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Attorney: Jacobson is being tried in the media

Jason Auslander
The Aspen Times

A District Court Judge released Snowmass Village Town Councilman Chris Jacobson on his own recognizance Thursday after he was arraigned on a felony charge for destroying jail property after his drunken driving arrest late last month.

Jacobson, 50, did not speak in court.

Afterward, his attorney accused the Pitkin County Sheriff’s Office of trying the case in the media because it released a video of Jacobson’s jail antics.

“I’m more than not thrilled about (the video release),” said Arnold Mordkin. “It’s an ethical violation and a legal violation. It’s not a public record. It’s just not the way this community does things.”

Pitkin County Sheriff Joe DiSalvo disagreed.

“It is a public record,” he said. “Just like a police report, we have an obligation to give it to (the media). We believe in transparency.”

The media scrutiny focused on Jacobson is because he is an elected official, DiSalvo said.

“We are held to a higher standard, and that’s just something you sign up for when you get elected,” he said.

The video, released Wednesday, shows Jacobson tearing off pieces of the rubber wall in the cell where he was being held, peeing on the floor, repeatedly banging on the cell windows and kicking the cell door. The video contains no audio.

Jacobson was initially pulled over for weaving on Brush Creek Road in Snowmass Village by a village police officer a little after midnight on June 26. After determining that Jacobson was a local politician, the officer called in a deputy from the Pitkin County Sheriff’s Office to handle Jacobson’s sobriety tests.

Other details of Jacobson’s arrest and subsequent incarceration surfaced in the arrest warrant affidavit filed Thursday in support of the felony criminal mischief charge for the jail damage.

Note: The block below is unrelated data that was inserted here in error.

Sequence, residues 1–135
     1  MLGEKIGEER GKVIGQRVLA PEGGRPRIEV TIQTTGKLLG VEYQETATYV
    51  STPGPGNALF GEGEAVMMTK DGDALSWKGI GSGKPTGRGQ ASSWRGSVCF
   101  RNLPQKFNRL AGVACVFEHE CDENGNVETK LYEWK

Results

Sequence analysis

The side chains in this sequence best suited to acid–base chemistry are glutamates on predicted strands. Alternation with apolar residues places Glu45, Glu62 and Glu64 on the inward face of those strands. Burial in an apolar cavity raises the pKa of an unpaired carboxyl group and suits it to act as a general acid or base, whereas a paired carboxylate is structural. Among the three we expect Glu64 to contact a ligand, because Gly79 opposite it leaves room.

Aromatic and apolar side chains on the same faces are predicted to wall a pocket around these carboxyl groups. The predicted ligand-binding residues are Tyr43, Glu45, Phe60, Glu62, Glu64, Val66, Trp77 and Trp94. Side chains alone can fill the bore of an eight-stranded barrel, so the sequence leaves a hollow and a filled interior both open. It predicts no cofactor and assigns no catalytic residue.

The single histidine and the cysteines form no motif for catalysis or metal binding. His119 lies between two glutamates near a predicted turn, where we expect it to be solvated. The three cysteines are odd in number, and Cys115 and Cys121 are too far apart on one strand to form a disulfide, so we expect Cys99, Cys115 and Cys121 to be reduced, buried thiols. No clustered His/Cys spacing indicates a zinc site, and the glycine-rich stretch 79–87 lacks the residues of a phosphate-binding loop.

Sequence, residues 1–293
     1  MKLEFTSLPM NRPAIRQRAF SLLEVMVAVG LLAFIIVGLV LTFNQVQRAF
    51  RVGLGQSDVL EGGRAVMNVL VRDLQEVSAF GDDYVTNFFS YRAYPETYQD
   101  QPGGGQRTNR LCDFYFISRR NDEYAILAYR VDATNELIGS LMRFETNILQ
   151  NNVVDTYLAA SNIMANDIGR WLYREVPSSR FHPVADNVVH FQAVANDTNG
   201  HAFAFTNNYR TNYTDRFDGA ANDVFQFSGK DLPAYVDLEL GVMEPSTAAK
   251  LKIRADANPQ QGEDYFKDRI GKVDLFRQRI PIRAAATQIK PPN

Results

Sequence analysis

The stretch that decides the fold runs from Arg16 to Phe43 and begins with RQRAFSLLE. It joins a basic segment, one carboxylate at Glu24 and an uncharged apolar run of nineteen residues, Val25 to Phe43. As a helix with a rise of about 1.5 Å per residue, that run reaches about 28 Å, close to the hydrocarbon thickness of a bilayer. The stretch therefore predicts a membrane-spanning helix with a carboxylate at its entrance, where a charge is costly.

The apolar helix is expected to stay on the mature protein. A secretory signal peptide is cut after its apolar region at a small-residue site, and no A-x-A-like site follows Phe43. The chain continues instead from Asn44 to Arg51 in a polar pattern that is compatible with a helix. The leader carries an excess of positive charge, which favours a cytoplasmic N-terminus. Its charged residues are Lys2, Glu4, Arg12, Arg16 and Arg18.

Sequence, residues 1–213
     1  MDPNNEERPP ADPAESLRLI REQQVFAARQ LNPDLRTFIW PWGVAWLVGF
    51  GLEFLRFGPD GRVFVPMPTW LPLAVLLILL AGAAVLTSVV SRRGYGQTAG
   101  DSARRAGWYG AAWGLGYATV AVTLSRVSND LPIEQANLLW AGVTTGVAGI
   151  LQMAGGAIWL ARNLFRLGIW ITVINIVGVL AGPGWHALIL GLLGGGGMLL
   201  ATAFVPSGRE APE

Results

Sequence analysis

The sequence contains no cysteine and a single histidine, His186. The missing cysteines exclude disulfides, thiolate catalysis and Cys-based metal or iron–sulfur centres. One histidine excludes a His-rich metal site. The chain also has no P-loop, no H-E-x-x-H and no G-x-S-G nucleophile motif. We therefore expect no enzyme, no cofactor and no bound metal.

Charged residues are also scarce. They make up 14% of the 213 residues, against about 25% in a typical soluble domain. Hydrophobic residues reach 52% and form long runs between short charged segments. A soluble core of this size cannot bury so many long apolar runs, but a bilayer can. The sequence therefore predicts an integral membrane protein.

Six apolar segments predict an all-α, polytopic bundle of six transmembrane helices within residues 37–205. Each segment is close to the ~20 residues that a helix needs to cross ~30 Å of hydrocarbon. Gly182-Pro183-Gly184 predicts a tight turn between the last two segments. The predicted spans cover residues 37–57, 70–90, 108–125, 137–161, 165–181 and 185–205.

For example, on the way to jail, Jacobson repeatedly called District Judge Gail Nichols “a f—ing c— “and, in fact, began singing the curses so many times the deputy lost count, according to the arrest warrant affidavit on the felony charged filed Thursday.

Nichols, who presided over Jacobson’s recent divorce, has recused herself from Jacobson’s felony case.

After Jacobson was placed in the jail’s isolation cell, he “started continuously flushing the toilet,” in a possible effort to flood the cell with water, the affidavit states. Deputies asked Jacobson to stop, but he wouldn’t so they cut off water to the cell.

“After this Jacobson got increasingly agitated while in the cell …” according to the affidavit, which is when he began damaging the cell.

A supervisor at the Pitkin County Facilities Operations Department said the cost to repair the damage is $14,572, according to the affidavit.

Deputy District Attorney Andrea Bryan asked that Jacobson be released on a $2,500 bond because of his high level of intoxication and because he has a previous DUI from 1985 in New York. But citing Jacobson’s recent divorce, Mordkin said his client’s “economic situation is tenuous.”

District Judge Denise Lynch granted Mordkin’s request to release the councilman on a personal recognizance bond. Conditions of his release, including no driving and having his sobriety monitored, will remain the same.

Bryan said she will dismiss Jacobson’s DUI from Pitkin County Court and join it with the felony case in District Court. His next court appearance is set for Aug. 3.

jauslander@aspentimes.com


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